In the wake of the deadliest mass shooting in modern U.S. history, parents may wonder how to talk to their children about the tragedy.
Eve Gotham with Youth Services at Rochester Regional says before parents sit down with their children to address this tragic event, they first need to make sure their own emotions are under control.
She says reach out to a supportive person that you can trust.
“We just need to acknowledge that this does impact us, that there are things that happen in our world that are scary and that’s okay…” Gotham said.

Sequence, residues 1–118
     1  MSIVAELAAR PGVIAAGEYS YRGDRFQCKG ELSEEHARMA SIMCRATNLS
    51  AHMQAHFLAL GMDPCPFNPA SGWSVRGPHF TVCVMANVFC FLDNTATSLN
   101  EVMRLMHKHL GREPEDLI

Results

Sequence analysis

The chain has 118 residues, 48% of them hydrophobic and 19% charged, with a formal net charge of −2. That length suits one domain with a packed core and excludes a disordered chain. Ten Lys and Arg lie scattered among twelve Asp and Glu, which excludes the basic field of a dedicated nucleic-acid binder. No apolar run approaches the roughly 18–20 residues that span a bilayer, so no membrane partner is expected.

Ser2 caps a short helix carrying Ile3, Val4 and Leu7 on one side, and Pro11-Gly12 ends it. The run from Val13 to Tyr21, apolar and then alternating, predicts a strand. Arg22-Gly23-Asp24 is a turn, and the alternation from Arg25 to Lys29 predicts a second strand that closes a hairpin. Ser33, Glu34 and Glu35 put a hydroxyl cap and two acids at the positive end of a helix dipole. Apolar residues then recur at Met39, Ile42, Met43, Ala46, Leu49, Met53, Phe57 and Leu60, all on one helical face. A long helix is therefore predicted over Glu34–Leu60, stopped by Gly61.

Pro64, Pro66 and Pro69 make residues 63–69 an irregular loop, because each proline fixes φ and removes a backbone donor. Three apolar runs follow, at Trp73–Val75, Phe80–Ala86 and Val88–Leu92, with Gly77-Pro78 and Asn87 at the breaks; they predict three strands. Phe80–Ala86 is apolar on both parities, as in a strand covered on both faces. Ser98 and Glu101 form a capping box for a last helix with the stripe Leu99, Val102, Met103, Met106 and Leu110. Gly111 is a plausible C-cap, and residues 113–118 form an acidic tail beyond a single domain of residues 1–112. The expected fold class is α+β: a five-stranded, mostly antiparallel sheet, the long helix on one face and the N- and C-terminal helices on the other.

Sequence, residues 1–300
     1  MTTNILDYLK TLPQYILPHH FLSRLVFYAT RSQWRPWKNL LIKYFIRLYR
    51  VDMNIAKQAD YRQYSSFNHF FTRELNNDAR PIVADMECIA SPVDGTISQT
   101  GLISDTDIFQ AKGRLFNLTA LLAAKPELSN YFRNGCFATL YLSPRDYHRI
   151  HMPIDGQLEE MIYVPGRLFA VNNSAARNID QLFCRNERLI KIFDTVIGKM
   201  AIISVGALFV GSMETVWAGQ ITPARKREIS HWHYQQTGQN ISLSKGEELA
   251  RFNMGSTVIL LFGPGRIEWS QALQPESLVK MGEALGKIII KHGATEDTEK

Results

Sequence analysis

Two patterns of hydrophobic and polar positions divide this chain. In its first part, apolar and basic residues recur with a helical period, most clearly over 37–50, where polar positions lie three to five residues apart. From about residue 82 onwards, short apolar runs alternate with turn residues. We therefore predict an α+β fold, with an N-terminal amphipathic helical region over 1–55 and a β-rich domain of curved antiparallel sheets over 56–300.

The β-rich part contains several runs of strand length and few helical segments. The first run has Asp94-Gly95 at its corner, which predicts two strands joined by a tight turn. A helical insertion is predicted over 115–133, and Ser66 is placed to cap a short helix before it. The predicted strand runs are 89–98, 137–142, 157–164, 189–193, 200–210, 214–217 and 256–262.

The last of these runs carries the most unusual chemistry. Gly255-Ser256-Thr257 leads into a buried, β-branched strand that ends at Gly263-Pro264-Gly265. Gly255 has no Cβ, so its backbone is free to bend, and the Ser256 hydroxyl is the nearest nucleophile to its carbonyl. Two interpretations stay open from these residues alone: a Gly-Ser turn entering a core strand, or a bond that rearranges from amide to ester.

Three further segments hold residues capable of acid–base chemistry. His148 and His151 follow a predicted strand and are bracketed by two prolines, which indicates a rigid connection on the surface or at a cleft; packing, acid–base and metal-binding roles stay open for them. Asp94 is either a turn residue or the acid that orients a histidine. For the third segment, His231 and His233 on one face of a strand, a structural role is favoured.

Gotham says to make sure you set aside a good amount of time — this should not be a short conversation with your child.
“Ask the child what they know about first and let them tell you what they’ve heard and then your job is to correct any misinformation that they may have,” Gotham said. “Just give a factual, detailed kind of account. Also as a parent, try to understand any fears that the child may have.”
She says try avoid saying someone is “bad” or “evil.”
“I have all kinds of feelings behind the facts, but when I’m explaining it, I want to stick to it as much as factual information as I can.”
Gotham also says the amount of details to share should depend on the age of the children.
Parents are encouraged to reach out to their local school district, faith groups, and pediatricians for additional resources.